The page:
There is no dispute as to the adequacy of class counsel. Additionally, the parties do not argue at length whether the named plaintiffs are adequate representatives. Plaintiffs have alleged that their interests are aligned with those of potential class members without conflict. As plaintiffs expounded at hearing, each named plaintiff, like the unnamed class members, experienced problems caused by the alleged defect during the applicable warranty period, each named plaintiff was told by defendant or a dealer that the problem was clutch-related, and each named plaintiff paid for the necessary repairs out of pocket. Accordingly, plaintiffs have shown that their interests are sufficiently aligned with those of the proposed class to satisfy the adequacy requirement of Rule 23(a).

ii. Rule 23(b)(3)

A class action may be brought under Rule 23(b)(3) if "the court finds that the questions of law or fact common to the members of the class predominate over any questions affecting individual members, and that a class action is superior to other available methods for the fair and efficient adjudication of the controversy." Fed. R. Civ. P. 23(b)(3); Hanlon, 150 F.3d at 1022-23.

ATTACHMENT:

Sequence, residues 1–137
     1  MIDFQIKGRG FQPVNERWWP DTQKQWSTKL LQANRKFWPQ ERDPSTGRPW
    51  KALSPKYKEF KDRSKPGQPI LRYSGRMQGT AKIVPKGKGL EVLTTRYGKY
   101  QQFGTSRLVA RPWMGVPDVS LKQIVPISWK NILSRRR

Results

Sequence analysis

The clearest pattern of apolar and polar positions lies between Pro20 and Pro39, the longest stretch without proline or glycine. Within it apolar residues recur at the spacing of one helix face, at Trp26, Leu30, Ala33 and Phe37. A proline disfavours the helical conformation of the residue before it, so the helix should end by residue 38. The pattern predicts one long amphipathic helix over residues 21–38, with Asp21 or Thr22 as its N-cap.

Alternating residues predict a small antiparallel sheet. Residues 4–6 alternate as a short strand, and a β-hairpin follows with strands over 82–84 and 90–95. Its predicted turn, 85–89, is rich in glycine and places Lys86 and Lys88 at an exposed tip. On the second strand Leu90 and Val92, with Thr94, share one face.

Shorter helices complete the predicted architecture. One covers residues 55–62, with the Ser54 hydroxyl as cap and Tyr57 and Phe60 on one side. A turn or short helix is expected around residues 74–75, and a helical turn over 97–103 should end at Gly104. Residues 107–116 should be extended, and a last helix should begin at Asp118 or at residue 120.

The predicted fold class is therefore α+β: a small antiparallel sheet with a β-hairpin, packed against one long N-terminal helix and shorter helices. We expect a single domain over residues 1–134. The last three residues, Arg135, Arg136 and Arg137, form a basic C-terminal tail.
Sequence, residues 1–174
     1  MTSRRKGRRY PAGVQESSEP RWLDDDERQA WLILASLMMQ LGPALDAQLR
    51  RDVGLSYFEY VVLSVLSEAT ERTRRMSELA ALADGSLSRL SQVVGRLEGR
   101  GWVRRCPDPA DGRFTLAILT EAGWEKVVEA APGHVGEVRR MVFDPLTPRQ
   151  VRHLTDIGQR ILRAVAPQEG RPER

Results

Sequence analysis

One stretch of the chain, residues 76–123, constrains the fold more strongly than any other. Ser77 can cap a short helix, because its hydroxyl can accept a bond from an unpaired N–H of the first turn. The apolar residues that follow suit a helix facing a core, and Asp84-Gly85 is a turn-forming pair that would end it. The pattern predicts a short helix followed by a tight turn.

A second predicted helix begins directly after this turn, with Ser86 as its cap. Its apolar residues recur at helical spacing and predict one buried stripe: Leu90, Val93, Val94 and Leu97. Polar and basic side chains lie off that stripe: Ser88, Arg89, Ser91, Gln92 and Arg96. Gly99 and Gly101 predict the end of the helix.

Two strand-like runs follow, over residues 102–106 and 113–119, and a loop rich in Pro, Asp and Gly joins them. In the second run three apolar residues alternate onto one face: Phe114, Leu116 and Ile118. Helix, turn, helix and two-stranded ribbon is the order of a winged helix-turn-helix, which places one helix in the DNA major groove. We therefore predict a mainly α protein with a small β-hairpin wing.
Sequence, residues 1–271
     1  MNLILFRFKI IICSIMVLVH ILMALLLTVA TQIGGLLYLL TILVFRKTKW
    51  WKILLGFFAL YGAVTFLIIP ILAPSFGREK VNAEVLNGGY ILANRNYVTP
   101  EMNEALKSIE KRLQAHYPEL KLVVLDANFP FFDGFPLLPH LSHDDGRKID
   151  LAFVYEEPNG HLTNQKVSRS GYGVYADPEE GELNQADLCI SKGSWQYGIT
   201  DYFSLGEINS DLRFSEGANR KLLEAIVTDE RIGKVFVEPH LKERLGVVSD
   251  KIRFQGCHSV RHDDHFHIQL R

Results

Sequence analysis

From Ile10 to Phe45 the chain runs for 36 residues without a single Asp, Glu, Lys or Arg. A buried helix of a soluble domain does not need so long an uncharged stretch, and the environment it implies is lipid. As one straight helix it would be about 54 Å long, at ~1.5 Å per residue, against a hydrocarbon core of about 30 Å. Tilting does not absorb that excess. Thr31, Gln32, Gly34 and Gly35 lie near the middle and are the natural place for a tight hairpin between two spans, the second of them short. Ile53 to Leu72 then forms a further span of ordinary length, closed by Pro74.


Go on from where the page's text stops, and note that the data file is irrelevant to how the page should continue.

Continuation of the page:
Here, assuming the existence of a defect, a host of individual questions regarding warranty coverage preclude a finding that common questions of law and fact predominate. The Tiburon's warranty expressly excluded from coverage "damage or failure" due to "[n]egligence of proper maintenance," misuse or abuse, use of inferior or non-genuine Hyundai parts, and "[m]odifications, alterations, tampering or improper repair." (Gibbs Decl., Ex. 2 at 18.) Accordingly, to determine whether each class member's warranty was, in fact, breached, the trier of fact will be required to inquire into the individual circumstances of each alleged denial of warranty coverage. See Cox House, 2006 WL 3230757, at *5. If plaintiffs are accurate exemplars of the proposed class, this will involve examining modifications made to the vehicles that might bar coverage, questioning plaintiffs about their driving habits and evaluating the driving conditions of each class vehicle to determine whether misuse or abuse has occurred, judging the thoroughness of each dealer's inspection, and, as in the case of Matuschek, determining whether the class member ever even attempted to make a warranty claim or was denied coverage.